Eight-year-old needs some boundaries

PARENT Q & A

November 07, 1999|By T. Berry Brazelton, M.D. | T. Berry Brazelton, M.D.,New york times special features

Q.We were told by another parent that our nearly 8-year-old son had stolen Pokemon cards -- and other parts of the game -- from their son. We knew he had the cards but thought that the other boy had accidentally traded them.

When faced with the other parent, our son admitted to taking only the cards. He returned them and apologized. My husband and I questioned him further. He admitted to taking everything and, although he knew it was wrong, said he thought it would be "less wrong" to take a few cards rather than a large number of cards.

Is it normal behavior to know right from wrong and do wrong? My son is obsessed with these cards, and, while my husband and I can relate to wanting something very badly, we obviously are concerned with his decision to steal and lie.

A. Stealing and lying are normal behaviors for a 5- or 6-year-old. They are usually the result of a child trying to make the world the way he wants it to be. Sometimes the child is also trying to identify with the person he's stolen from. At 8, such behaviors are less acceptable, and I, too, am concerned about your son's lack of boundaries.

You did the right thing by having him return the cards and apologize. The more serious aspect is that he couldn't share his feelings with you. It's important now to offer him times to talk about the incident and how badly he felt about it.

It would also be a good idea to help your son set a goal of working toward getting his own Pokemon cards. That way he'll see that there are other, acceptable ways of getting what one wants so badly.

Q. My son and his wife are expecting a baby boy. My son told me he would like to teach his child that he should work for all the things they will give him -- including toys.

Where do parents draw the line between gifts and earned items? Is there a negative effect to showering a child with gifts?

This will be my son's first child and the first grandchild on both sides. We'd appreciate your advice.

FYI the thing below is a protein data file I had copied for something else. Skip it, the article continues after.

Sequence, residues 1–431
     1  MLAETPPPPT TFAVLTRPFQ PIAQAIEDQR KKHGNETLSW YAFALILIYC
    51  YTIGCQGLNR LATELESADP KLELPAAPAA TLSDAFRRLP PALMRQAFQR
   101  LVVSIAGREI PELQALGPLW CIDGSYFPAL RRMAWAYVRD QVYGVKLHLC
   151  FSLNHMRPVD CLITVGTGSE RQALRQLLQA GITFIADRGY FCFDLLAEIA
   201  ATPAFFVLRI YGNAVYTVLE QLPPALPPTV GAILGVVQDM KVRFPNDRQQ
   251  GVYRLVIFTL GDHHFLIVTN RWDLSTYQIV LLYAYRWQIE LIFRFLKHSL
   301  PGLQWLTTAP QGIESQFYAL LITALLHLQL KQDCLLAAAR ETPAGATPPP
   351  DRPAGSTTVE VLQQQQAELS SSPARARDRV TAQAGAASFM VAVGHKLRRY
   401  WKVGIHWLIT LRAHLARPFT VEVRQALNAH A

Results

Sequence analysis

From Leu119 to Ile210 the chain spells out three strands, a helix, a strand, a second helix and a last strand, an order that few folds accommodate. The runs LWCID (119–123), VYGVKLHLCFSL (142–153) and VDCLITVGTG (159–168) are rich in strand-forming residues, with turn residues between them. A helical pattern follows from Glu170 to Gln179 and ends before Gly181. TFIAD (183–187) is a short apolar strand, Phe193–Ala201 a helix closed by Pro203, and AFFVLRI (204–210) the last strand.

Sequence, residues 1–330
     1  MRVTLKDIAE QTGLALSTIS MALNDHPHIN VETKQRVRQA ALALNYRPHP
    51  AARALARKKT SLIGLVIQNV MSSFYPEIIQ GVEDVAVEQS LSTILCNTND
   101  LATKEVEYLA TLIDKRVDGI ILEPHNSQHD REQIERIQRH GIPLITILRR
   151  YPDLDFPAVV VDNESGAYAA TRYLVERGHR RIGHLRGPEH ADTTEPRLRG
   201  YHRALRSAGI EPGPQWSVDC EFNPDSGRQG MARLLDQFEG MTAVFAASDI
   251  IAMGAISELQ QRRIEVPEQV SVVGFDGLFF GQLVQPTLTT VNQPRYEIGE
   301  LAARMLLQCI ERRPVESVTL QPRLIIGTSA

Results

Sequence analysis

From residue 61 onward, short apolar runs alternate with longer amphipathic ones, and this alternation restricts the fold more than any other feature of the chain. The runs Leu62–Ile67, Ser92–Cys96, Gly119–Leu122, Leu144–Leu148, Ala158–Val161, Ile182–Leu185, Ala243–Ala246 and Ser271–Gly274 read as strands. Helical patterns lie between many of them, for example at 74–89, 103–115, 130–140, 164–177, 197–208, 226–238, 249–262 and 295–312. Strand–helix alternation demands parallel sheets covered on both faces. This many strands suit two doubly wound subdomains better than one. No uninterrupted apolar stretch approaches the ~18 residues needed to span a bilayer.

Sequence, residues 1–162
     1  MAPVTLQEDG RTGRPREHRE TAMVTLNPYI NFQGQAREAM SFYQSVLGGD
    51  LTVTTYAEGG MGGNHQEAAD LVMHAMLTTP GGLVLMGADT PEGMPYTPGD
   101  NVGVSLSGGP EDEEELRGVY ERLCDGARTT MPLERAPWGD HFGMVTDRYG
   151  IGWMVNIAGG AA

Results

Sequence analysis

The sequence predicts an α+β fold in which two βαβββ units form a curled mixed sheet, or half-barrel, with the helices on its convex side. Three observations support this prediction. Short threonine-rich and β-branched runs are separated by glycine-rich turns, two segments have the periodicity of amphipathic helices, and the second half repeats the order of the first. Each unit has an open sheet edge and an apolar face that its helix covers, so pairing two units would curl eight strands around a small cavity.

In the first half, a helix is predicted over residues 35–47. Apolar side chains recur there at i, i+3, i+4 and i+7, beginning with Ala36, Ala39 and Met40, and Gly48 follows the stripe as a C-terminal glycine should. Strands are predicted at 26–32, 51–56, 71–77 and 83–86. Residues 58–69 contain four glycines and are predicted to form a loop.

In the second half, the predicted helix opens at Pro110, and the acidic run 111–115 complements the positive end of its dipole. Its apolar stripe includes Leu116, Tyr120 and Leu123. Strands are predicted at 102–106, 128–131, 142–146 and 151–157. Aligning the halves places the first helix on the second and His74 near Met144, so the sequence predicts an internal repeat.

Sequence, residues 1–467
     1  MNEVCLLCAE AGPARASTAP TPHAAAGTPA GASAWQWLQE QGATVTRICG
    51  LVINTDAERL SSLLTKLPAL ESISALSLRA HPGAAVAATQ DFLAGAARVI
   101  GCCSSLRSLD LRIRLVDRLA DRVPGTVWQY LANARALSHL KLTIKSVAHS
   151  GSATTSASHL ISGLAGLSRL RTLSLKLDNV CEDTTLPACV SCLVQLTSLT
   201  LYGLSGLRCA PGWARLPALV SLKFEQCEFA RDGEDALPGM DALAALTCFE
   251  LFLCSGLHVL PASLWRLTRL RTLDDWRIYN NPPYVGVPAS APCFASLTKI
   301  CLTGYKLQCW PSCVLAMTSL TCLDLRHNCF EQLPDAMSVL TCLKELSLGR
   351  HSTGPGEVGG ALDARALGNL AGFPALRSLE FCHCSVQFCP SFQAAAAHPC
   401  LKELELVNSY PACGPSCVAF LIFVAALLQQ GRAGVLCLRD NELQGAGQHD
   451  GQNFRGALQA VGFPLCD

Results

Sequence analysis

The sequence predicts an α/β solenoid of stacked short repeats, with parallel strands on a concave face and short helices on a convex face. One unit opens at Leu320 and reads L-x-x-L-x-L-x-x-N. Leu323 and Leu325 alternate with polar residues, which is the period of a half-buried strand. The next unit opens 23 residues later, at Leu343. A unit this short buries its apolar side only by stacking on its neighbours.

A. The best thing parents and grandparents can give a baby in the first few months is lots of loving attention. Gifts are not important, and they are sometimes just a substitute for this loving interaction. In fact, a first child and grandchild can be overwhelmed with too many toys and gifts. He can begin to feel they are his right, and that's not good.

Your son will be able to help his child develop a sense of responsibility -- but not until the boy is older. At around the age of 2 1/2 to 3, your grandson will be able to help with chores around the house, such as setting out dishes and cleaning his room. Then, his parents can introduce the ideas of being responsible and earning rewards.

Q. Will you please suggest a book that might help with divorce? I want to explain things to my 9-year-old granddaughter to help her through the change and sadness of missing her dad.

A. "The Divorce Handbook" by James Friedman (Random House, 1997) offers a lot of sound advice.

The main issues most children of divorce must deal with are:

* Abandonment: "If one parent moved out, will the other one go too?"

* Guilt and feelings of responsibility: "Was it my fault? If I had been a better kid, would everything have been OK?"

* A longing for the old family: "Can I do anything to get Mom and Dad back together?"

If your granddaughter's parents can stay friendly and help her deal with these issues, things will be a bit easier for her.

Questions or comments should be addressed to Dr. T. Berry Brazelton, care of The New York Times Syndication Sales Corp., 122 E. 42nd St., New York, N.Y. 10168. Questions of general interest will be answered in this column; unpublished letters cannot be answered individually.

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